Red-flagged messages with exclamation points often deserve the latter attention, but people who fire them off seem to want a hurried response and will follow up with two or three more emails with exclamation points and a couple of phone calls before an hour has passed upon receiving them.  These exclamation-point people might even wait outside the restroom for you to come out, believing that as soon as you reappear in the office hallway you will be ablaze with the red-hot attention their pressing matter deserves.

It probably does deserve attention but it most likely doesn't deserve the red-hot, urgent kind: a decision that is made at the speed of the writer's anxiety rather than at the pace of deliberate consideration.

Timing matters in making decisions.  People who make decisions have many factors to consider other than just the red-flagged alerts bearing exclamation points.

Keep that in mind the next time you want to fire off an urgent message that feels critically important to you but is only one more important matter for the person to whom you are sending it.

Then, remember what the boy who cried wolf found out:  too many exclamation points used too often causes people to doubt the urgency of your message. 

Tuesday, November 2, 2010

Dumping Litter--Forfeiting Opportunity

They show up in my e-mail box: documents that require review or grading, and they still don't have cover notes that explain their presence.

Each time it happens I see that character played by Meryl Streep in The Devil Wears Prada dumping her coat, day after day, upon the receptionist that she notoriously abuses in all kinds of ways.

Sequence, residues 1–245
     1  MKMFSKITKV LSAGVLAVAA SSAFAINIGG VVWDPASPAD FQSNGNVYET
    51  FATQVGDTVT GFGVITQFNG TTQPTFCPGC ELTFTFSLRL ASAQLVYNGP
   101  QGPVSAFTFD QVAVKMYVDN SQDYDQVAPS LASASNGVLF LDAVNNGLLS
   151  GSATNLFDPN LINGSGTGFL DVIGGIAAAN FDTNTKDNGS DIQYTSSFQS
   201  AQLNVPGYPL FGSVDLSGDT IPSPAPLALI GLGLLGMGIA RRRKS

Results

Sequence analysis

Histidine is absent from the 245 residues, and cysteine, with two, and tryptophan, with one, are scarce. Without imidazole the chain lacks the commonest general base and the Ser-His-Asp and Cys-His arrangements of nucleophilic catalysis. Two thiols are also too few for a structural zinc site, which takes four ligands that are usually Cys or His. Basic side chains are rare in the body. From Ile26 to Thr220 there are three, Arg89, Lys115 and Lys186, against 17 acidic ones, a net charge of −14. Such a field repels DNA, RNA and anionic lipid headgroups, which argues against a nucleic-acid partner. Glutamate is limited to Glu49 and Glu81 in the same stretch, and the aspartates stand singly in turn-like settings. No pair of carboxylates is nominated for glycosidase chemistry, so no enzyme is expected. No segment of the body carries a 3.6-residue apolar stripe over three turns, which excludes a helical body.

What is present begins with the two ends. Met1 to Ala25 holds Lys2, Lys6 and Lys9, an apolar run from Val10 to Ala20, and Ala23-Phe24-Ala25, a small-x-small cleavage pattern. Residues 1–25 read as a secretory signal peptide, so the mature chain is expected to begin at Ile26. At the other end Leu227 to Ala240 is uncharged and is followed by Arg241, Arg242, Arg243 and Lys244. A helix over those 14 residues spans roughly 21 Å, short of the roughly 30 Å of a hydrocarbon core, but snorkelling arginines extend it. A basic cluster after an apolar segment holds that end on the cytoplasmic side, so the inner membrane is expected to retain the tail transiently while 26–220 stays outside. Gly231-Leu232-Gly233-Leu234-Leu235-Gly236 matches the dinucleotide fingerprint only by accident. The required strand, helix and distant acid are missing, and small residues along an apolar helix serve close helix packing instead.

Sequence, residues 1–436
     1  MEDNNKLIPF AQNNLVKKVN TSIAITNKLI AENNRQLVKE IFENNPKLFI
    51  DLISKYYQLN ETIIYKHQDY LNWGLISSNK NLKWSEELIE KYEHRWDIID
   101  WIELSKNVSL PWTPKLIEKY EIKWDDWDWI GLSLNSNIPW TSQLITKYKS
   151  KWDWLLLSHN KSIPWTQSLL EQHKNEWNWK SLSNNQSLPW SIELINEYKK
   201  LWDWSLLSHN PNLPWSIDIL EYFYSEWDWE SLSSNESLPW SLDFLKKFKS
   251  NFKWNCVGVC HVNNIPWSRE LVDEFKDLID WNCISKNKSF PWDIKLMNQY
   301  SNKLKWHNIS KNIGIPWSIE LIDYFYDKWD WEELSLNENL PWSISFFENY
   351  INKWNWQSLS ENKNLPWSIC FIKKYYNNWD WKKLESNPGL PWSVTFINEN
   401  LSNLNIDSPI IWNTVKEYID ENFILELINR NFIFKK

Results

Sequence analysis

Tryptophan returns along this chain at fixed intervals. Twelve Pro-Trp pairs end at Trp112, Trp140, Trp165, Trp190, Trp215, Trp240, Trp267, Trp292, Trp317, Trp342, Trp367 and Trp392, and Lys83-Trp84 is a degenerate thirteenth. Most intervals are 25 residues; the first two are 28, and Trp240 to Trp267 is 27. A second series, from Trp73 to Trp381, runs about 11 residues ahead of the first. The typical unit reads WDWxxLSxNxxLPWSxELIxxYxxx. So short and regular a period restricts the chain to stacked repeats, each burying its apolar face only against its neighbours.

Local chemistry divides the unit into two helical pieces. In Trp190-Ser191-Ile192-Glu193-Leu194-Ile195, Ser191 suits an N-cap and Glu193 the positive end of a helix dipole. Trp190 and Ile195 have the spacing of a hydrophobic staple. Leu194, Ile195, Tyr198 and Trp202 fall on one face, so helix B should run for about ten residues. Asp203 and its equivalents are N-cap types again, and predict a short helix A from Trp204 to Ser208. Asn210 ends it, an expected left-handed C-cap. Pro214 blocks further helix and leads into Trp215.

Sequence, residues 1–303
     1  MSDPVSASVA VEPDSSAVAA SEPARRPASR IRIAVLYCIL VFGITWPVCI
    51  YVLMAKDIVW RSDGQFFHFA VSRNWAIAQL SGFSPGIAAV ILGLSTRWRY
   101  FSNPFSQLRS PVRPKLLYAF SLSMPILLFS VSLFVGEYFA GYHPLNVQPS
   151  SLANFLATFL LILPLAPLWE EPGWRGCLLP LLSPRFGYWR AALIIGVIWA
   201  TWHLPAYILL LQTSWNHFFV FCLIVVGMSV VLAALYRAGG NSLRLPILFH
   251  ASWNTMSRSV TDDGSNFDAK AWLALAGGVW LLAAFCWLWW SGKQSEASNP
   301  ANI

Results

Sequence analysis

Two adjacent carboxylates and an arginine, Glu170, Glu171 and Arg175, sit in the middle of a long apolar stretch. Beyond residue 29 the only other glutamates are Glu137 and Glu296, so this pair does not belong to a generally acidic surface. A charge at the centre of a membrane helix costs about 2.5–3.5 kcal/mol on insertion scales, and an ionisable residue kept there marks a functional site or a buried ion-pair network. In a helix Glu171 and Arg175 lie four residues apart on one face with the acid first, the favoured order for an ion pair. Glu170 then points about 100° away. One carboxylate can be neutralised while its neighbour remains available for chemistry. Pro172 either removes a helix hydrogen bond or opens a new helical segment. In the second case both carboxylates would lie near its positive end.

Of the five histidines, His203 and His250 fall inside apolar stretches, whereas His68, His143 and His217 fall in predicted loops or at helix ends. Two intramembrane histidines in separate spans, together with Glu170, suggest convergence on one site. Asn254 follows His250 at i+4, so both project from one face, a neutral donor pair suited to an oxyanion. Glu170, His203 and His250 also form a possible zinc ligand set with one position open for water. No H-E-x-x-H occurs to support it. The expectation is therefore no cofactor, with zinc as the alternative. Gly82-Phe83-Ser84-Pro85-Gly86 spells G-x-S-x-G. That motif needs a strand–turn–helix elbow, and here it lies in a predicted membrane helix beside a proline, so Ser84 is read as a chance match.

When someone litters my email box with an attachment that does not have an explanatory note, I feel the same way I imagine the character who played the abused receptionist feels:  as if I am doing someone else's laundry, and it's not my job.  I am not the receptionist, but I am treated like one when someone dumps a document in my email box, like a piece of clothing that needs to be hung up on a hanger somewhere else after I have cleaned and pressed it.

But aside from the admission that I don't like to be dumped on and this causes me to feel no small amount of irritation, I feel greatly sorry for the person who sent the message who might be sending other more important messages (or even resumes) in the future to people who could hire him/her or promote him/or her.  Ideally, that recipient might also be inclined to think highly of the person for demonstrating consideration of others' needs and time by simply explaining the presence of the document that has been sent.

In short, not writing a cover note for attachments via email is not only very poor salesmanship (poor customer relations), it's worse:  it makes you look really bad.  And whether you understand this or not your name becomes associated in the minds of others as rude, self centered, lazy, late and a problem that you have to work around.

So, think about that the next time someone has asked you to provide the work that was expected of you; and after you have been asked, once, twice, or even three times, don't just finally send the document without the courtesy of a note that says, "Here's what you need." You could even go that extra mile and apologize for holding up someone else's schedule by not doing your job in a timely manner. You don't actually have to say that, but a general apology that has taxed someone else's patience is a good idea to cover the multitude of infractions that may remain unsaid in that exchange because even as I write this entry I am not saying everything I feel and think about inconsiderate people who live in the center of their universe where the people around them aren't coworkers--they are the people who clean up after them.